Joe Christensen covered Major League Baseball for 15 years, including three seasons at the Baltimore Sun and eight at the Star Tribune, before switching to the college football beat. He’s a Faribault, Minn., native who graduated from the University of Minnesota in 1996. He covered Jim Wacker’s Gophers for the Minnesota Daily and also wrote about USC, UCLA and the Rose Bowl for the Riverside Press-Enterprise before getting this chance to cover football again.
Email Joe to talk about the Gophers.
Considering Da'Jon McKnight is the only returning wide receiver who has caught more than two passes for the Gophers, it's safe to say that wideout is an area of concern for Minnesota. So while they might not be getting the most attention among Jerry Kill's first recruiting class this week, the four receivers who signed up on Wednesday might have the biggest impact next fall. There's certainly an opportunity, right?
Kill was lavish in his praise of Edina prep Devin Crawford-Tufts, who "can run right by people." And Marcus Jones, from Wake Forest, N.C., is "like (David) Gilreath at Wisconsin -- 5-8, 170, and he can fly. Great speed, great athleticism, very, very quick." (That comparison must sting Gopher fans a little, since Gilreath is a Minneapolis native who chose the Badgers over his hometown team.) It doesn't hurt his stock that Jones graduated early and is already taking classes at Minnesota.
Ge'Shun Harris, who Kill estimated now weighs 220 or 225 pounds, "is an outstanding receiver," Kill said, and considering he's already played two seasons at Arizona Western Community College, figures to have the best shot at claiming a starting job next fall.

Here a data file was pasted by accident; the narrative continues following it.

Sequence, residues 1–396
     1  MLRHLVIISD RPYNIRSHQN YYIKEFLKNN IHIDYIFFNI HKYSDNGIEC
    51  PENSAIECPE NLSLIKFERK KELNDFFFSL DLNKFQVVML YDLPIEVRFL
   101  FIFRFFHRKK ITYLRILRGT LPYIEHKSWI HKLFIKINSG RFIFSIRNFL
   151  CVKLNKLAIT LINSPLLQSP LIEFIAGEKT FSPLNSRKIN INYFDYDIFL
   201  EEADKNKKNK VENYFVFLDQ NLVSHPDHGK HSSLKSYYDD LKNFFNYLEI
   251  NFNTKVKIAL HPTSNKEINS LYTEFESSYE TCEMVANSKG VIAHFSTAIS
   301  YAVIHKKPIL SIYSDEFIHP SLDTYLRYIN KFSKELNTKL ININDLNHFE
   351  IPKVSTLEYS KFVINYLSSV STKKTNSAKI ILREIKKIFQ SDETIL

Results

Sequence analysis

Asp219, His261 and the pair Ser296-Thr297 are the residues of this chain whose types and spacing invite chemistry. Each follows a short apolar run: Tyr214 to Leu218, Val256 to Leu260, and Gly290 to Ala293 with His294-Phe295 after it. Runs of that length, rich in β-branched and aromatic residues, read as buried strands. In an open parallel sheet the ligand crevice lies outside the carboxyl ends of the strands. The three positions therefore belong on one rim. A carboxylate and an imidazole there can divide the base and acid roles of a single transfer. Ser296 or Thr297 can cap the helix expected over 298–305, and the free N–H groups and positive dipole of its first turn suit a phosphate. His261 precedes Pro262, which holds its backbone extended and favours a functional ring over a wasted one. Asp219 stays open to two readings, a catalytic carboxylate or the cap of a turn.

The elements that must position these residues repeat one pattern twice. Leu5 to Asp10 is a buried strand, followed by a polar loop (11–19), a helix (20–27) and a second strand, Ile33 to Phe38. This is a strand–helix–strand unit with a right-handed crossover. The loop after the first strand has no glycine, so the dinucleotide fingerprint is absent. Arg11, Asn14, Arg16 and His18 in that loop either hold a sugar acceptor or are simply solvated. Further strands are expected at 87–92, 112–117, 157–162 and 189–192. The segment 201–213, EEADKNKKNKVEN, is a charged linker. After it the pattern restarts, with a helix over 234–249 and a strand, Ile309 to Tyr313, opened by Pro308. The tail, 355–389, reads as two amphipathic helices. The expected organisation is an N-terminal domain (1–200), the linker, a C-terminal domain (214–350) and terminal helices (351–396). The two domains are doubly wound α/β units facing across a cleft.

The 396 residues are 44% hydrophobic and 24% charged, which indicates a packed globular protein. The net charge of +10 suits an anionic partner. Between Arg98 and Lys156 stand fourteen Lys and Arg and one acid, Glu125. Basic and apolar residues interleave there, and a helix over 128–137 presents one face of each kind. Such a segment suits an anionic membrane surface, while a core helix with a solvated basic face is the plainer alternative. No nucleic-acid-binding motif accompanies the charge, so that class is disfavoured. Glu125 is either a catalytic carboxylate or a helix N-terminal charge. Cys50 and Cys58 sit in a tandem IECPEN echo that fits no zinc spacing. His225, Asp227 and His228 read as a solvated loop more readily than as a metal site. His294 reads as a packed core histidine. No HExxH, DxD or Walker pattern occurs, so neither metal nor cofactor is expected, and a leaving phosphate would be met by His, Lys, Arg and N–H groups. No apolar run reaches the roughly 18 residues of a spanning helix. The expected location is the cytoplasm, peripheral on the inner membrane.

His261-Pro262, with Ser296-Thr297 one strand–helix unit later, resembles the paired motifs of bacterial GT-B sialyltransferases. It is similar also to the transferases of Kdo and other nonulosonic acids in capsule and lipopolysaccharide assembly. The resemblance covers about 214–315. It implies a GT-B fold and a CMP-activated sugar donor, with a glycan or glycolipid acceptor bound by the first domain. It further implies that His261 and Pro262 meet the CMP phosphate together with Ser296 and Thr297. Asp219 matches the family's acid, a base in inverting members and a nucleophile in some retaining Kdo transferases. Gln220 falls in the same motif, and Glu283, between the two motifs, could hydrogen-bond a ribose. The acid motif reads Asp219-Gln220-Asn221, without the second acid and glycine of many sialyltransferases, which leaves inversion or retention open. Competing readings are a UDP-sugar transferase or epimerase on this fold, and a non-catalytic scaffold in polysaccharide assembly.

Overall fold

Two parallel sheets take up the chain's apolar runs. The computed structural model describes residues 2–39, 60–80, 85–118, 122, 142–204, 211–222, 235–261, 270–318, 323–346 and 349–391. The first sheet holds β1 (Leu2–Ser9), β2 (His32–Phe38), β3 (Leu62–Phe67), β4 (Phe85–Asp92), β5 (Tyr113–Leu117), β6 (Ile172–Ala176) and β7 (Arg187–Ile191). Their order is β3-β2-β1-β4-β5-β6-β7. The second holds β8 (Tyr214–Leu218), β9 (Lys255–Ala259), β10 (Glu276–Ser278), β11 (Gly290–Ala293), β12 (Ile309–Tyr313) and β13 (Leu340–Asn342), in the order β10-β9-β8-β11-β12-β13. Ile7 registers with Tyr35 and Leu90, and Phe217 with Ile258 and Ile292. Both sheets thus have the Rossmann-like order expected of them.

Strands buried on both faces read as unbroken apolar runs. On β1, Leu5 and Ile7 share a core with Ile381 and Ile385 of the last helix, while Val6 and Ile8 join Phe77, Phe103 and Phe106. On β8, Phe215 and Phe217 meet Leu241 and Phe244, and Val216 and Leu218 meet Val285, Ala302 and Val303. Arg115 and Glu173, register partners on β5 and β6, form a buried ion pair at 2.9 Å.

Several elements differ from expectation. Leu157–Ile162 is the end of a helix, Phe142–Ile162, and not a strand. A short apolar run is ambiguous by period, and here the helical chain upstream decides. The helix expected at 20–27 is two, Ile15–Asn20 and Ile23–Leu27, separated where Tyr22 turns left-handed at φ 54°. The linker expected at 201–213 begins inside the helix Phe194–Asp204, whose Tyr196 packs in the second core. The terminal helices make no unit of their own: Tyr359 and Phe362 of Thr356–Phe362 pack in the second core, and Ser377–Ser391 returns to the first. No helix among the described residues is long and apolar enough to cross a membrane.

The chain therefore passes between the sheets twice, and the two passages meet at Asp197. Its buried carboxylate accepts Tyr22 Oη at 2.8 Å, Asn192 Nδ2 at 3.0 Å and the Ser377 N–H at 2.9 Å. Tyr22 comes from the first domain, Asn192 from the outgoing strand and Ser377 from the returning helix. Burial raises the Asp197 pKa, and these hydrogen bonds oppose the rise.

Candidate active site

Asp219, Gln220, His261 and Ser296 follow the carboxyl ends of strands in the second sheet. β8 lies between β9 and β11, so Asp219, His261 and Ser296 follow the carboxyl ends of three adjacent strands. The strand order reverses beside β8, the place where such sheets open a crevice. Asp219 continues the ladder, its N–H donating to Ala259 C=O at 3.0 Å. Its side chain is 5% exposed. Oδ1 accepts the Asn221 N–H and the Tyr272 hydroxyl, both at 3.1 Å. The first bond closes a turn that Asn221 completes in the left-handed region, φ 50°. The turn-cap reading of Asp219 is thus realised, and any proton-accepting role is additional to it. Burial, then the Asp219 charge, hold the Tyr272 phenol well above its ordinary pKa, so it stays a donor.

Harris has already made an impression with his physical condition. "You walk out (during workouts) and you want to see people stand out -- he stands out right now," Kill said. "It's not hard to figure out who he is, which is a good thing."
Then there's Quentin Gardener, who Rivals.com recruiting analyst Barry Every called one of the five "sleeper" signees nationally.
"Gardener started off the season strong as a go-to receiver for Oklahoma State commitment J.W. Walsh. His ability to create space using his running back-shaped body, coupled with soft hands, made him a dangerous weapon," Every wrote. "And he has the power and strength to break simple arm tackles, similar to Hines Ward."
Gardener was overlooked by major programs, however, because he strained the MCL ligament in his right knee, causing him to miss five games for Guyer High in Denton, Texas, and when he came back, he was switched to cornerback.
"This versatile athlete will be adding serious ball skills and a mental toughness that the Gophers will surely take advantage of," Every wrote.
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